But here is that drama in a nutshell anyway: Our ringmaster is in a battle with a wicked queen in an enormous multicolored skirt. Her name is Queen Tatiana, and somehow she has captured the best circus performers in the world. Well, like any ringmaster worth his salt, Johnathan isn’t going to put up with that. So cue the intergalactic passion play in which — wouldn’t you know it? — good ultimately triumphs and the evil queen finally finds her way to the path of righteousness.

In other words: This is not your parents’ — or your grandparents’ — circus.

But it’s leaving town. Forever. And that was what brought Judith Jaeger to her seat last week. She was with her daughter Kristin. “I took her to the circus in 1978 when she was still in utero — seven months pregnant,’’ Judith said as she settled in, two little grandkids — Noah and Greyson — sandwiched between their mom and grandma.

“We’re all very sad that it’s over,’’ said Kristin, a counselor and therapist. “It’s a family tradition for us to come every year.’’

They’ve paid $60 apiece for their four tickets and are sporting tall, multicolored circus hats.

The 69-year-old Jaeger remembers shows in Madison Square Garden and a story that is now family lore. Her family packed up and headed for the big top. It wasn’t until they were atop the George Washington Bridge that they discovered they’d left their tickets at home: a 90-minute mistake that melted away when the elephants entered the arena.

“We’ve done this for generations. It’s good, clean family fun,’’ the family’s matriarch told me. “And it’s exciting. It’s a shame that we’re losing a part of American culture. But kids today — they can’t sit still.’’

A few sections over, Fran Keever, 70, and her daughter, Dawn, were settling in after their 35-mile drive from nearby Lincolnton. Keever’s mind drifted to her father, born in 1901 and a lifelong lover of the circus.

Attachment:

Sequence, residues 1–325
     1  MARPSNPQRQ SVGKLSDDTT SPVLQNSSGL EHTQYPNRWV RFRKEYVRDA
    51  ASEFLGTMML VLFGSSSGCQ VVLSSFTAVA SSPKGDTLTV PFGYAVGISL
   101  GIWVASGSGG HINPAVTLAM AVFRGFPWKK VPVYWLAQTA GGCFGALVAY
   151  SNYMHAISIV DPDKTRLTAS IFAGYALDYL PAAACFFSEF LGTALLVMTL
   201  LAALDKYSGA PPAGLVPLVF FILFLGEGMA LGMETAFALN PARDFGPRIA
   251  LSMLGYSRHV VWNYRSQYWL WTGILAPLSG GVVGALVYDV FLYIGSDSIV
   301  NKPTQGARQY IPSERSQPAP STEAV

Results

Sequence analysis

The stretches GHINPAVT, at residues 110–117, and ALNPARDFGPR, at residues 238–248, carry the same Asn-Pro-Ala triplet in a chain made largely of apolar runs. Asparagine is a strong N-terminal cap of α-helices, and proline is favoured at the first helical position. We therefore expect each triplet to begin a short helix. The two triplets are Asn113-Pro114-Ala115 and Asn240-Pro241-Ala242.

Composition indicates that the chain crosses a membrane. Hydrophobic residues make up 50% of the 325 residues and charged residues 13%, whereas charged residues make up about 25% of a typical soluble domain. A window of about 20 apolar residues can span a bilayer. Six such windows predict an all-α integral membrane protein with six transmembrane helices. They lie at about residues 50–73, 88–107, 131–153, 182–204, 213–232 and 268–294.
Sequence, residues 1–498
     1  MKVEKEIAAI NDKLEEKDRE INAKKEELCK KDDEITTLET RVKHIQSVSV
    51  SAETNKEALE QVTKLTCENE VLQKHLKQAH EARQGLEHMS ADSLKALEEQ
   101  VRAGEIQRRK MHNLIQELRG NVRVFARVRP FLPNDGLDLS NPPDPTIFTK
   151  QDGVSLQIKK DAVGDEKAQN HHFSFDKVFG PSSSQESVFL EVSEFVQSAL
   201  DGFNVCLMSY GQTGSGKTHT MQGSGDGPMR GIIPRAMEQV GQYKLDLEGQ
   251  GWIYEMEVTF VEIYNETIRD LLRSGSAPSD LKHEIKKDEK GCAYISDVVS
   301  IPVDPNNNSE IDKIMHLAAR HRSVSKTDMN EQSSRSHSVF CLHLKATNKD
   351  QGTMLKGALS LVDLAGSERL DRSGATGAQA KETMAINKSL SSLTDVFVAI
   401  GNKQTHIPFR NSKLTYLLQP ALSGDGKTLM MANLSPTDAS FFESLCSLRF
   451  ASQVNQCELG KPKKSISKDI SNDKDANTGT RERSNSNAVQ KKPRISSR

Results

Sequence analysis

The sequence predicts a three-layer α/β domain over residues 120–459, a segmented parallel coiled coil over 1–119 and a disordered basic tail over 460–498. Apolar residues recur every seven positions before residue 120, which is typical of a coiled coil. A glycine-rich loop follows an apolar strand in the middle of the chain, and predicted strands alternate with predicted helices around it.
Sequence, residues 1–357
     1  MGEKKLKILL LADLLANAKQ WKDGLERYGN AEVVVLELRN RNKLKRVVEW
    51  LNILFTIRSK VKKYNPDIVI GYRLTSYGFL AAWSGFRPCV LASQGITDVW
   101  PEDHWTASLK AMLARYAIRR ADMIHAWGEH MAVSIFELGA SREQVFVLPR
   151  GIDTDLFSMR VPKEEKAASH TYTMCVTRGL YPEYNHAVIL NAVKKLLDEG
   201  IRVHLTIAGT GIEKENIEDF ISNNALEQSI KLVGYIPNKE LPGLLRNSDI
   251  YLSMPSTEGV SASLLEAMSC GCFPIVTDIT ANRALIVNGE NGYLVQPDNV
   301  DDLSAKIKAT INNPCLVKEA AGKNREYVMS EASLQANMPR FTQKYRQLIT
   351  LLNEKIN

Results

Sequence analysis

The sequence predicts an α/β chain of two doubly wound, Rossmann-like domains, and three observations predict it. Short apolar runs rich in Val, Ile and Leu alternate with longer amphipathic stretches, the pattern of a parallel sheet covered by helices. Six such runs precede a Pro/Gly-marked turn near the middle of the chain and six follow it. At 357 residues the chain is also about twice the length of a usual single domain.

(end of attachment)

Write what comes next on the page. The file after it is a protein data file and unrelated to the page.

“This is an American institution that’s leaving us,’’ she said. “I hope it’s not true.’’

But it is.

It’ll all be over in three months.

I sat next to a guy last week who knows something about changing American tastes and enduring national icons and institutions.

His name is “Cowboy” Ralph Spicer. He’s 91 years old and was wearing a white cowboy hat and a brown-fringed rawhide coat when I took the seat beside him as the performers warmed up.

Spicer, a World War II veteran, was the lead singer in a band for nearly 27 years, rubbing shoulders with the likes of Hank Williams, Willie Nelson, and Lefty Frizzell. “You name it, and I’ve worked with all of them,’’ he said.

Spicer remembers what it used to be like when the circus came to town: horse-drawn wooden wagons and a parade of elephants tramping down Main Street.

“I think it’s terrible that they have to go out like this,’’ he said. “I’ve been around the globe. They really need to keep this going. I hope they do. But these days, the kids want to see sex on TV.’’

Just then, the lights went down, and the cosmic story line took hold....


It's a “tragedy for the arts and its institutions, one with cultural significance.’’ 

I imagine the animals might feel differently.

different kind of circus, right from the start.

I'm quitting for the night.

UPDATE: Ringling’s ‘Greatest Show on Earth’ takes final bow